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How to override maximum sync speed with Yongnuo trigger?

Discussion in 'Lighting Forum' started by TonyZhang, Oct 5, 2014.

  1. TonyZhang

    TonyZhang Mu-43 Regular

    71
    Jul 8, 2014
    New Zealand
    I have a Panasonic g6, two Yongnuo Yn-560iiis and the new Yn-560tx trigger. It all works well but I am limited to 1/160th of a second as that is the maximum sync speed of my camera. The trigger and flashes sync with my Ricoh GR up to about 1/2000th or more. I shoot skateboarding, often during the day, and 1/160th of a second with these flashes just isn't enough to freeze the motion or light up the subject.

    I was wondering if there is anyway to use hypersync like with the Pocketwizard minitt1s on DSLRs. I don't mind a little bit of area the flash doesn't hit at the bottom because it will be during the day where the ambient would expose it, plus I often crop down to 3:2.

    After reading in the Yn-560tx thread I noticed that some users say they are syncing up to 1/320 or even 1/400 on their Olympus omd cameras, going past the maximum rated sync speed. Is this possible on Panasonic cameras such as the g6? As soon as the flash or trigger is mounted onto the hotshoe of the camera I am unable to push the shutter speed to anything faster than 1/160.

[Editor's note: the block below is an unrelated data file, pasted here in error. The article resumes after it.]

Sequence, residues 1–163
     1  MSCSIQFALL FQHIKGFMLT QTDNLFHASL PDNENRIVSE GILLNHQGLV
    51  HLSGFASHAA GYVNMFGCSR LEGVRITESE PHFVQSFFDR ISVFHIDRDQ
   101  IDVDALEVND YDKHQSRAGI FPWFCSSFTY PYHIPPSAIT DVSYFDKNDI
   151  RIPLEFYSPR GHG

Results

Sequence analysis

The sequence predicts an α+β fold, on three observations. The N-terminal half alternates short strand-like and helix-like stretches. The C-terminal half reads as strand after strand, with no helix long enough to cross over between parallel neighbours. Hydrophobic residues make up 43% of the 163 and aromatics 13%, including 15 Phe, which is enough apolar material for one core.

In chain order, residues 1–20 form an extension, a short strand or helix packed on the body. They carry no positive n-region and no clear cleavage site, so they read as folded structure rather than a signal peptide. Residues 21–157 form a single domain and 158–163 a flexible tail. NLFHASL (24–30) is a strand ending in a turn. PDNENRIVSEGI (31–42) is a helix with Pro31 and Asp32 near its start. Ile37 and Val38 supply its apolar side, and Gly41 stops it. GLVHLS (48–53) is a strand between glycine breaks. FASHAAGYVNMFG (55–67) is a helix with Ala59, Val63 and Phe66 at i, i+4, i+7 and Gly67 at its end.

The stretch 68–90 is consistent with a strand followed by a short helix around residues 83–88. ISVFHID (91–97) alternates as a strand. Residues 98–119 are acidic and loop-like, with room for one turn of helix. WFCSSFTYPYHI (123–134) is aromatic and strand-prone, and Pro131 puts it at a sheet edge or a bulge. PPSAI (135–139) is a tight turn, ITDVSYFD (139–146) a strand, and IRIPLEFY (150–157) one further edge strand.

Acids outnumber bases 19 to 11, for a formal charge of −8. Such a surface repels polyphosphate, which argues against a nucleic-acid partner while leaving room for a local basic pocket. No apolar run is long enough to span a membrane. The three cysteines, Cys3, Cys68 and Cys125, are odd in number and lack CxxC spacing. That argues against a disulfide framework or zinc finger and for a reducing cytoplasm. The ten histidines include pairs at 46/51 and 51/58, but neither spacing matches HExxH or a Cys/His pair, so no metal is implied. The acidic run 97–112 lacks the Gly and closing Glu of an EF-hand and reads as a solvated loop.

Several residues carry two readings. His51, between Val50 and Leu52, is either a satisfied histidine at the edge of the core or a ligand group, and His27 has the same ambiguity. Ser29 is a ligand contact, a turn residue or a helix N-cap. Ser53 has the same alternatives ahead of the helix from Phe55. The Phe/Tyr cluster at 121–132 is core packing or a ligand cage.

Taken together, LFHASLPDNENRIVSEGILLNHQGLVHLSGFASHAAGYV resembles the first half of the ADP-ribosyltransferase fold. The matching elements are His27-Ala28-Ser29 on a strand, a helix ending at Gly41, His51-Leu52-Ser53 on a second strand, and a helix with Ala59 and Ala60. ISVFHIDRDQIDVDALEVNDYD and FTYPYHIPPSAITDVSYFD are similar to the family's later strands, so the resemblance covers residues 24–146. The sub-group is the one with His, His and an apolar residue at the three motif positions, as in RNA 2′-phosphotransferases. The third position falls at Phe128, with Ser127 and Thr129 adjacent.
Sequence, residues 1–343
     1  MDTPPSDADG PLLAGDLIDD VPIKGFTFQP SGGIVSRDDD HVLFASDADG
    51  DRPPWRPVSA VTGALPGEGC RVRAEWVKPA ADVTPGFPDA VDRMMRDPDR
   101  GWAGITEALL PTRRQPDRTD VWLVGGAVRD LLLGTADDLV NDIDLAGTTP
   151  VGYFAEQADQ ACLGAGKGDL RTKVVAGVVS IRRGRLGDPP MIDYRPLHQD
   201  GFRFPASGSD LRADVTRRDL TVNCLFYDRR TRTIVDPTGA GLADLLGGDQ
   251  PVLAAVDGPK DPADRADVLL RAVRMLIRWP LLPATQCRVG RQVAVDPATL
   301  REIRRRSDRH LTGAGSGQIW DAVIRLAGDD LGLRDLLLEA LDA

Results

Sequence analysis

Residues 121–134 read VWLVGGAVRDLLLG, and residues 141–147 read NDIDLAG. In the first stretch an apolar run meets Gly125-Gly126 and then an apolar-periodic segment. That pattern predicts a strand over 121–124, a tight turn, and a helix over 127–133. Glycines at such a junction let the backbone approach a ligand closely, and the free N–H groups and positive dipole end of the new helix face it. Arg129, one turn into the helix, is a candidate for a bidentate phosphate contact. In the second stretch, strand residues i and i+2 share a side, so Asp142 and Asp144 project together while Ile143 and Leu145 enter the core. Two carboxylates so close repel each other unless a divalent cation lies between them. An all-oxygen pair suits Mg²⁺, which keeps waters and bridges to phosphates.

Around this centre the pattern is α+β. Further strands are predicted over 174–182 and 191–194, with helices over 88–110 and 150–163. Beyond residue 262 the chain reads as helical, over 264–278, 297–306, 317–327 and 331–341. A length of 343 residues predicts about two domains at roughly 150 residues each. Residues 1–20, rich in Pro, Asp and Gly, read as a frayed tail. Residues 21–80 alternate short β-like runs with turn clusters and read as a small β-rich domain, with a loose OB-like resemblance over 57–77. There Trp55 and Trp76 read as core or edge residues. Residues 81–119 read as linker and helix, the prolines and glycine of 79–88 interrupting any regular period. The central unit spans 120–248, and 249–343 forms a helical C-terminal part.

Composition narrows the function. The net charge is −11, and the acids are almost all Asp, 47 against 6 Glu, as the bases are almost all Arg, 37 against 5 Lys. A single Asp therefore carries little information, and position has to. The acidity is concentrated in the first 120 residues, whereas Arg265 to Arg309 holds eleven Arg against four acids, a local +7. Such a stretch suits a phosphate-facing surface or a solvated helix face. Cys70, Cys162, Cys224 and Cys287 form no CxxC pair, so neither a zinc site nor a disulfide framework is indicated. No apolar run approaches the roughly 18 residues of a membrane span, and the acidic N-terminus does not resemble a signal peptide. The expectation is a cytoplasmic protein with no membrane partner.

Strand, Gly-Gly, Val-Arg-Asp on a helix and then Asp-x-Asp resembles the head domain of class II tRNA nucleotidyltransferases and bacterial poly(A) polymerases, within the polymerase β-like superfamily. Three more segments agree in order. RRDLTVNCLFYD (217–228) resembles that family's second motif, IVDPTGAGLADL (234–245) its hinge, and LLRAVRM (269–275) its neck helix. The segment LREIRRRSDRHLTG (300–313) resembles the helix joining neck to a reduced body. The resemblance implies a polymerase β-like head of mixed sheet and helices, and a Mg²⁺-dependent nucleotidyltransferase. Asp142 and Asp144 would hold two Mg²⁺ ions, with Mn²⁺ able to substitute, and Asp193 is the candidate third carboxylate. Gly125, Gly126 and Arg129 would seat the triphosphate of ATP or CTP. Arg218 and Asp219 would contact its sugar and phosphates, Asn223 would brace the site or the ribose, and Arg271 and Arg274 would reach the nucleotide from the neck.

Does anybody know of anyway to override the setting that prevents you from increasing your shutter speed past the max sync when a non FP/HSS flash/trigger is attached? Would it be possible to 'trick' the camera into thinking that there was no trigger or flash mounted onto the hotshoe so that you could make the shutter speed faster, but still have your flash fire? Any increase in the speed would be great, 1/200th, 1/250th, it all makes a difference.

    Thanks in advance
     
  2. eteless

    eteless Mu-43 All-Pro

    Jun 20, 2014
    I "trick" my camera by using a dumb shoe flash or disabling the electronic contacts, it means you need to use manual flash though. The reason you can push the OMD's up higher (1/500th with the E-M1) is because the actual sync speed is... 1/500th. It's electronically limited to a slower speed to allow time for TTL metering, it can't achieve this sync speed with TTL - only manual(however using manual doesn't disable the limitation).

    If you have another flash which can do HSS you can use it to optically trigger other flashes to achieve hypersync etc, however it's not really the same. I know Metz looked into making a wireless module which can interact with any of their flashes (not just one of the canon or nikon or four thirds versions at a time, all at once) and enable cross system wireless TTL however I don't know if anything fruitful has come of it (or if it was viable).

    The Ricoh RG uses a leaf shutter which syncs at all speeds.
     
  3. ThomD

    ThomD Mu-43 Veteran

    424
    Jun 1, 2013
    SF Bay Area
    I've never found a way to do this. I have your setup, plus some Metz flashes. The Metz knows how to tell the camera to use FP, the YN does not. I don't think any simple pin blocking technique will work. Of course, I'd love for somebody to correct me on this.